Pierce ThorneOn...Pierce Thorne on Life • Business Speak 101

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Business Speak 101

George Orwell was only half-right when he coined the term Newspeak. He applied it to government, or Big Brother, assuming that some malevolent, faceless government was intent on shaping your thoughts. In reality, it's been Little Brother that's taken the technique to heart.

Another example of Business Insulting Your Intelligence. A sign posted in one of those big-box warehouses reads

Question: Why is my register receipt reviewed when I leave the warehouse?
Answer: To assure you receive everything you pay for, and are not overcharged or undercharged for any item. Also, punching the receipt disallows its reuse.

Now, there is a grain of truth there. The last sentence is absolutely correct: they don't want folks to walk in with a "used" receipt and cart away seconds. But they don't want to come right out and say that. Instead they bury the fact in some feel-good nonsense. The reality is, the flunkies standing at the door do not know the price of every item, and aren't bloody likely to spot an overcharge, especially on a typical receipt, being as it is longer than Santa's Naughty-or-Nice list. If you are lucky, they will spot an item you forgot to pick up in that little cage where the expensive goodies are kept. But if they don't, and odds of that are good, you leave the store and guess what: that's right: the receipt's checked. Oh well. (Ask me how I know!)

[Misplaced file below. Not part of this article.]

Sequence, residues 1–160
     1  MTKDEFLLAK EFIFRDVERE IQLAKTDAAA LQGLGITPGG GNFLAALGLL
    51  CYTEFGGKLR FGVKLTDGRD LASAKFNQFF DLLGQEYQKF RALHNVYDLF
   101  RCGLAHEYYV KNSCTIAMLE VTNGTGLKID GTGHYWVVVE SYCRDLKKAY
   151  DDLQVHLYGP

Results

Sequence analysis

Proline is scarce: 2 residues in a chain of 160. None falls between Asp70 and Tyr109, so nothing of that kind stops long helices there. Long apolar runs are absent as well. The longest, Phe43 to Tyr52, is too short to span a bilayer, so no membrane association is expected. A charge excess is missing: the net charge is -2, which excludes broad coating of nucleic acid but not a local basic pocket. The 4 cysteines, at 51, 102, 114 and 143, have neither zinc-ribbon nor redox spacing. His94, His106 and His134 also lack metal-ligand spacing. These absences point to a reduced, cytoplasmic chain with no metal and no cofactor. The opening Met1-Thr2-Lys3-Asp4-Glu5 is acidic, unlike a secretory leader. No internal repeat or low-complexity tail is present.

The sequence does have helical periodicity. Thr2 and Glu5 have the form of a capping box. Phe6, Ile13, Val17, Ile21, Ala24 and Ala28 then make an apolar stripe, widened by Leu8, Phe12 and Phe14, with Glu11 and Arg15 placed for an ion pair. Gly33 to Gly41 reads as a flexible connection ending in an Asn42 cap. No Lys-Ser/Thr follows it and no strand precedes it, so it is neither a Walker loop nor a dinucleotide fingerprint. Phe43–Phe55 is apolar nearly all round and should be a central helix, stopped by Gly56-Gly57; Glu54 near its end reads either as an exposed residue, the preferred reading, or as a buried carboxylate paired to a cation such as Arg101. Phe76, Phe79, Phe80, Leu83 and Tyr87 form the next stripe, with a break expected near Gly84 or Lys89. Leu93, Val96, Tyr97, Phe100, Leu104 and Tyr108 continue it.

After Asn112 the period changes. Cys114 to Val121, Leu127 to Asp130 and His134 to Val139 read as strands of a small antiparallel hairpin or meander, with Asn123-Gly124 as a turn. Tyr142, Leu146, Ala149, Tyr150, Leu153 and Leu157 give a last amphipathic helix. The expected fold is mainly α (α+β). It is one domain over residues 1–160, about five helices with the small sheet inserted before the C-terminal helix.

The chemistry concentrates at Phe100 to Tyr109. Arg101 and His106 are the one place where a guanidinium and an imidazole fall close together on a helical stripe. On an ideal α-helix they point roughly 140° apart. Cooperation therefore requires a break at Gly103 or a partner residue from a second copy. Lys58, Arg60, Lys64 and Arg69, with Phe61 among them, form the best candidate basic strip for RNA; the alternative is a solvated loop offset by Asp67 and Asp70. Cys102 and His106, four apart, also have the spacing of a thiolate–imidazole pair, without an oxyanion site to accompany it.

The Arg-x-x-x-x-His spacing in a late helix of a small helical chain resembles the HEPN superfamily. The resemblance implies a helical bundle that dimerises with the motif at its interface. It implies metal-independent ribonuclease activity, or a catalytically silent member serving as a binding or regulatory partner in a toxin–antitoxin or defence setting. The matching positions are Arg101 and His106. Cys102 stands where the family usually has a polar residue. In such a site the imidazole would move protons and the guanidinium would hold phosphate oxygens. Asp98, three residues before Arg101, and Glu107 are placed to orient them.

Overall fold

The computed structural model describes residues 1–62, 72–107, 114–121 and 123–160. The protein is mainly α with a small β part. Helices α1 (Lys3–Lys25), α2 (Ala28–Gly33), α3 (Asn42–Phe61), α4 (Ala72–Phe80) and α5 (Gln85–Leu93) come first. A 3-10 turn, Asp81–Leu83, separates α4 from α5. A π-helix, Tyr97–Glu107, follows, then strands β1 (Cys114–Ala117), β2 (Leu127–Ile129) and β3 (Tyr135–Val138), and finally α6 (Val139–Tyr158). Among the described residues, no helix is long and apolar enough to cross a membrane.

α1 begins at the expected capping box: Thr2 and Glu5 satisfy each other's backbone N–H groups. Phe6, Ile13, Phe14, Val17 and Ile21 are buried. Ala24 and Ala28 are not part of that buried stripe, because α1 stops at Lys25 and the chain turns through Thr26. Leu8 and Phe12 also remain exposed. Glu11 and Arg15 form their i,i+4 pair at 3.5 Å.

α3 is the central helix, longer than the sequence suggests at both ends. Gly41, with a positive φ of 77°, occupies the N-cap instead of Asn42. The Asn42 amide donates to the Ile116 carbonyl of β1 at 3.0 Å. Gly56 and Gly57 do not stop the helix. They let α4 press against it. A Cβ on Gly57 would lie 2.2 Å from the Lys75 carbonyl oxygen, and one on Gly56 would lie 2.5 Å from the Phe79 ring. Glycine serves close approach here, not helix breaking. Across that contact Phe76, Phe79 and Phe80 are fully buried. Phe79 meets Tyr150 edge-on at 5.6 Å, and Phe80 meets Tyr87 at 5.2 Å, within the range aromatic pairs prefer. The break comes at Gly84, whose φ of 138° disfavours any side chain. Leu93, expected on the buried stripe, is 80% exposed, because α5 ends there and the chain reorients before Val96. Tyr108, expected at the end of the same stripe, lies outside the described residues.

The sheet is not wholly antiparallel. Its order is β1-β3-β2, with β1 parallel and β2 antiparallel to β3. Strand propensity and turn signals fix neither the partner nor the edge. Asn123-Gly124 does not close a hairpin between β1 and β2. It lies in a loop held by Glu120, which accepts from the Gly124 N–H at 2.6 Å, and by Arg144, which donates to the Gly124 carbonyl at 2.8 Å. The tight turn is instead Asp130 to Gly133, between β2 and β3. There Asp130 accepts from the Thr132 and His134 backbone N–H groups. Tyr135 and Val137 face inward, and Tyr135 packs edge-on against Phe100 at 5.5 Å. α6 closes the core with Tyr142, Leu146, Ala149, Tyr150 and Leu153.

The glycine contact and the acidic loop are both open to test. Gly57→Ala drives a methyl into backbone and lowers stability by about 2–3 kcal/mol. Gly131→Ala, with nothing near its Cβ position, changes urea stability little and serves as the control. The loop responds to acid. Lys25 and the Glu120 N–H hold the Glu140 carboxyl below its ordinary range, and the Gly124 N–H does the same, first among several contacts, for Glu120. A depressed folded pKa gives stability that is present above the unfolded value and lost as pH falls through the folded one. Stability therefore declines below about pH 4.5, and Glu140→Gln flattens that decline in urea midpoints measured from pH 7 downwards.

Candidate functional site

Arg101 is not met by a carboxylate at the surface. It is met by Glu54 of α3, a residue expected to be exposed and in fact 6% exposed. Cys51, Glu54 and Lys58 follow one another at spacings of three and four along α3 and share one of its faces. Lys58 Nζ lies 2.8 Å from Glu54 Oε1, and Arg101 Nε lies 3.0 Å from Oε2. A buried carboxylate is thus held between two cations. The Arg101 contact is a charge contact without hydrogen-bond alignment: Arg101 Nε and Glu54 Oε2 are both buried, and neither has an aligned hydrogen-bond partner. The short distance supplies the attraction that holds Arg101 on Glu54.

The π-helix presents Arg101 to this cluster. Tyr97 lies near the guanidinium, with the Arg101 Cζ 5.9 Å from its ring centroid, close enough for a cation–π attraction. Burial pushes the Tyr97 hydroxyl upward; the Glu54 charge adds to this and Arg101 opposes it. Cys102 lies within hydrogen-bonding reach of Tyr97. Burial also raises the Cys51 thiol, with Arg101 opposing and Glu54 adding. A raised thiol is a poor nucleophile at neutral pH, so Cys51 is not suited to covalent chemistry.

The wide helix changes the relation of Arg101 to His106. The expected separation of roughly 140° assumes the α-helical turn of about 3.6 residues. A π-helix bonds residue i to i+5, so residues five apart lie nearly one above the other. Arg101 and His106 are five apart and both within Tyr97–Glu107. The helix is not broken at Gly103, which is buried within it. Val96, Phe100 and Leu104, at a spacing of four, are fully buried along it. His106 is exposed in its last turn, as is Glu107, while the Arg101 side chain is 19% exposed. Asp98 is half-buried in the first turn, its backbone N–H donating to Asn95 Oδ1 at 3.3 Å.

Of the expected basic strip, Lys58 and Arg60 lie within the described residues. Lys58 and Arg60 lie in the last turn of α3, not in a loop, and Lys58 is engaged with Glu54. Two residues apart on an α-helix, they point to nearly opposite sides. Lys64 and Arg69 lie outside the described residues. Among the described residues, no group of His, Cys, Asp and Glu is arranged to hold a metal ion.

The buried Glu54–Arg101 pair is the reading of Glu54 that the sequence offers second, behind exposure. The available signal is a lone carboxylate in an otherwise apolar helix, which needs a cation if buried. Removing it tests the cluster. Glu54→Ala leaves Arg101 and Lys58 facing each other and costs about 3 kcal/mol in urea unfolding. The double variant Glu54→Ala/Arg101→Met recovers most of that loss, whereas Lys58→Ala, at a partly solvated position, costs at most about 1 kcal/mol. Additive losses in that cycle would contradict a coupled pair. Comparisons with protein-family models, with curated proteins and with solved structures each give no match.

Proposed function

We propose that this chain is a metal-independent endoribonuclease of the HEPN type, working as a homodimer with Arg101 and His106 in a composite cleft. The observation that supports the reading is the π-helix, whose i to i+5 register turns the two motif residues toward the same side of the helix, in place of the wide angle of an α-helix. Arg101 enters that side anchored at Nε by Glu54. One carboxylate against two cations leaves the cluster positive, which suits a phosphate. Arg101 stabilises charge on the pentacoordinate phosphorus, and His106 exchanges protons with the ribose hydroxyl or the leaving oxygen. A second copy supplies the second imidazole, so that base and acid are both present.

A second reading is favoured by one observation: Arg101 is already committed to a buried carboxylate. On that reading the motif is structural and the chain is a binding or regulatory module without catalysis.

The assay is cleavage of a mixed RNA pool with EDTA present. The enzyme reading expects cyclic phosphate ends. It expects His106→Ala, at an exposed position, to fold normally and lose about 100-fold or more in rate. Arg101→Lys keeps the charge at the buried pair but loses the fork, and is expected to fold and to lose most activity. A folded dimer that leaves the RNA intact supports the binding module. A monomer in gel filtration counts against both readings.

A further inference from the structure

The simple matter is, they examine your receipt purely for inventory control. Fine. But why do they need to insult your intelligence with empty assurances?

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RE: Business Speak 101
 — Pierce

Here's another case... and this one really irks me. The merchant (J.C. Penneys, in this case) has an advertisment for men's slacks: 50% off in big print. To the left of it you see, in smaller type, "Buy 1 Get 1" ...

So in effect, JCP is lying, or at least being very deceptive. It's not 50% off, it's 25% off. The very much larger 50% off is meant to draw your attention, leading the reasonable mind to think "half off!" yet understated "Buy 1 Get 1" is needed to understand the full terms of the deal. Really, that part is just as important as the "50% off"...

Personally, I think this is sleazy. I think it shows that the merchant does not respect the customer enough to just say "25% off", or to be forthcoming with "Buy 1 Get 1 50% off" all in one font. I mean, what's to keep them from saying "Buy 3 pants legs, get the 4th Free?"

And don't even get me started on "Introductory Rates"...

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